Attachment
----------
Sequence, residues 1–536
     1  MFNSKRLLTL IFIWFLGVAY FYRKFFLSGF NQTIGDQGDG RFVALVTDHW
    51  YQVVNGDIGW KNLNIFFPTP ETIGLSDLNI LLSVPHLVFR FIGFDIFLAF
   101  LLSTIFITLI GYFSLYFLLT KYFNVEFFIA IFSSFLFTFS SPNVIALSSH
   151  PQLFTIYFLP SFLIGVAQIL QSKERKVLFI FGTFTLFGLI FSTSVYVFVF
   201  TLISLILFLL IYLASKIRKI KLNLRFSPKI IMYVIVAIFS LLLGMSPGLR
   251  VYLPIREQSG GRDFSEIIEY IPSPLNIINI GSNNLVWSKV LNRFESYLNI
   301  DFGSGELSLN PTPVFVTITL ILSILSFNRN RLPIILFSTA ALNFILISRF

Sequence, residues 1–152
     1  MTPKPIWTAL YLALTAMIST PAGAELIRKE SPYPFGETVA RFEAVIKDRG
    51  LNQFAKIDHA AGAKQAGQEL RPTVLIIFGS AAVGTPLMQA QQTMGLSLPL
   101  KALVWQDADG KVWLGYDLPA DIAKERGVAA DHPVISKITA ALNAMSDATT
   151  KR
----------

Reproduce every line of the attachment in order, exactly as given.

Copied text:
Sequence, residues 1–536
     1  MFNSKRLLTL IFIWFLGVAY FYRKFFLSGF NQTIGDQGDG RFVALVTDHW
    51  YQVVNGDIGW KNLNIFFPTP ETIGLSDLNI LLSVPHLVFR FIGFDIFLAF
   101  LLSTIFITLI GYFSLYFLLT KYFNVEFFIA IFSSFLFTFS SPNVIALSSH
   151  PQLFTIYFLP SFLIGVAQIL QSKERKVLFI FGTFTLFGLI FSTSVYVFVF
   201  TLISLILFLL IYLASKIRKI KLNLRFSPKI IMYVIVAIFS LLLGMSPGLR
   251  VYLPIREQSG GRDFSEIIEY IPSPLNIINI GSNNLVWSKV LNRFESYLNI
   301  DFGSGELSLN PTPVFVTITL ILSILSFNRN RLPIILFSTA ALNFILISRF

Sequence, residues 1–152
     1  MTPKPIWTAL YLALTAMIST PAGAELIRKE SPYPFGETVA RFEAVIKDRG
    51  LNQFAKIDHA AGAKQAGQEL RPTVLIIFGS AAVGTPLMQA QQTMGLSLPL
   101  KALVWQDADG KVWLGYDLPA DIAKERGVAA DHPVISKITA ALNAMSDATT
   151  KR